I propose we make use of replication support and keyed topics and store the offset commits in Kafka as a topic. This would make offset positions consistent, fault tolerant, and partitioned. The key-based cleaner would be used to deduplicate the log and remove older offset updates. The implementation of an offset commit would just be publishing the offset messages to an "offset-commit-log" topic.The topic would be a poor data structure for serving offset fetch requests, so we would keep an in-memory structure that mapped group/topic/partition to the latest offset for fast retrieval. This structure would be loaded in full when the server started up. Actually this implementation isn't very different from what zookeeper itself is, except that it supports partitioning and would scale with the size of the kafka cluster.
A number of questions remain:
- How do we partition data in this topic?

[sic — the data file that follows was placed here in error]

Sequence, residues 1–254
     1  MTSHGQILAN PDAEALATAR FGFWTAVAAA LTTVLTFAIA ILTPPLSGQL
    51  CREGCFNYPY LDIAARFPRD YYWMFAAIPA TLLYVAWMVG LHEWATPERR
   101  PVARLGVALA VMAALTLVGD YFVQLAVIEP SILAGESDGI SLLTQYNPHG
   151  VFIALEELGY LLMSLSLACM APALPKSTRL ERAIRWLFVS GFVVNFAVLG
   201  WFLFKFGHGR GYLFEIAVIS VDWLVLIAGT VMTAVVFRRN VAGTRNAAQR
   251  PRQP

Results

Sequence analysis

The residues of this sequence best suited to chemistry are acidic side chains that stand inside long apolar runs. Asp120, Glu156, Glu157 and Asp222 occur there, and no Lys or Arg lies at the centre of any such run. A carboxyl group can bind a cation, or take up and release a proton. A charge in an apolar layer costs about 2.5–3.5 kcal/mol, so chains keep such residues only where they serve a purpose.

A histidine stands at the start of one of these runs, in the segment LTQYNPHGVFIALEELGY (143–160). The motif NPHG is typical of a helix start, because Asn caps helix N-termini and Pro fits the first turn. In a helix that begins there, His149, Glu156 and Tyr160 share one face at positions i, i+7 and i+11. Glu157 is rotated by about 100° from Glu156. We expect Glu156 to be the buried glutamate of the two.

- What is the format of these messages?
- How do we ensure the atomicity of updates?
- Which brokers can handle an offset update or fetch?
I propose that we partition the commit log topic by consumer group to make to give a total order to commits within a single group (as they would all be in the same partition). Downsides to this partitioning would be that the all traffic from a given group would go through a single server and if some groups committed much more than others load might balance poorly.
It would be possible to either store all offsets sent in a commit request in a single message or to have one offset per message. The problem with having multiple messages is that it breaks our atomicity requirement if the server loses mastership in the middle of such a write. This is a rare case, but should be dealt with. Grouping offsets together guarantees the atomicity of updates but raises the question of what key is being used for deduplicating updates. Since a consumer would generally send a single commit for all its partitions, but the partition assignment could change, it is hard to think of a key that would result in retaining the complete set of offsets for the consumer group.
I propose we use one message per offset and I will outline a scheme for making this fully transactional below.